There will be a threat for severe thunderstorms and flash flooding as we move into Christmas Eve. This is due to an already existing storm system that is backed by powerful upper-atmospheric winds, and this cell will continue to affect the eastern half of the country as we move into Christmas Day.
This storm has already packed a powerful punch in the south, causing widespread damage and several deaths on Tuesday when the storm hit Columbia, Mississippi and the whole part of southern Mississippi.
A big concern with this system is flash flooding along the Gulf Coast. Tallahassee, FL broke the record for the most rainfall in December when almost eight inches of rain fell, annihilating the record of 5 inches that was set on December 2, 2009. Widespread street flooding ensued due to the heavy rains.
Even though tornadoes aren’t very common around Christmas time, two years ago a tornado outbreak tore through the Gulf Coast region on Christmas Day, producing about 28 tornadoes.
There is a very powerful plunge in the jet stream that is moving into the East, and as this moves warm air surges ahead towards the north creating a cold front. This has made the perfect conditions possible for severe weather, and these conditions will continue to favor severe storms into Thursday from the eastern Carolinas to the central and southern Florida Peninsula.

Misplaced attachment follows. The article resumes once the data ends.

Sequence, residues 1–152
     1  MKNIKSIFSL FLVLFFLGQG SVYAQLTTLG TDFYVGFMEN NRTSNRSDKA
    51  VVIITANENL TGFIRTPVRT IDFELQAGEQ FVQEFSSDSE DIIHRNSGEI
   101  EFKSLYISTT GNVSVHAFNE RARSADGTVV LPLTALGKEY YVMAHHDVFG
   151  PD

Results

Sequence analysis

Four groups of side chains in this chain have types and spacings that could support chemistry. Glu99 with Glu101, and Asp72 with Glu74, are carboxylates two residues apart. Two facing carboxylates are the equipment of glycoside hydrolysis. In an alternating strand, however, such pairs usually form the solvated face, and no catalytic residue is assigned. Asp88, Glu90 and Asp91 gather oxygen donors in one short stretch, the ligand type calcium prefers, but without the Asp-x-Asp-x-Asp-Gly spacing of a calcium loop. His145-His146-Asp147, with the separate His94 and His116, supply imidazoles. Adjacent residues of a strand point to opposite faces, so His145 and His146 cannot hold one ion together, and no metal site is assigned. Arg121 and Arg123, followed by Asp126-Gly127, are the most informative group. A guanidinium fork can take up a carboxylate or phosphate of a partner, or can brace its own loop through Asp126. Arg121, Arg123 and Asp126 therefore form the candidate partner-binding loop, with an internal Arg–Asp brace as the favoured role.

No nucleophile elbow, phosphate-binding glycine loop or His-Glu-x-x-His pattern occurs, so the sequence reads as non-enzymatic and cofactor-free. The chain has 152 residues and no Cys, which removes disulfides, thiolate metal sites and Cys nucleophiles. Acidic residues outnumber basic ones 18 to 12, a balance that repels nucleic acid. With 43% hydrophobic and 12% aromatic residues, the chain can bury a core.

A limited severe weather threat may also develop farther to the west ahead of the cold front from parts of southeast Michigan and Ohio to eastern Kentucky, western Virginia, and far western Pennsylvania. There are very strong winds that are located just above the ground and any thunderstorms could bring brief damaging gusts down to the ground level and cause some downed power lines and trees.
As we move into late Christmas Eve and early Christmas morning, bands of rain with embedded thunderstorms will move into the Mid-Atlantic and the Northeast. There is a possibility of some strong wind gusts due to a sharp cold front moving through the area, and this could also cause some power outages and downed trees.
Along with the severe threat, locally heavy rain may trigger some additional flash flooding in some areas of the Deep South through Christmas Eve night. The greatest risk of flooding will be over parts of southeast Alabama, southern Georgia, and northern Florida due to the heavy rainfall that has already fallen from previous storms. New England and much of the northeast could also experience flash flooding due to the possibility of more rain heading their way.
Flood watches are in effect for much of Upstate New York and New England because the meltwater from the existing snowpack is rising, and combining this with rainfall may raise the levels on some smaller streams and rivers, leading to the possibility of some flooding.
Check with your local weather authority for updates on these systems in your area.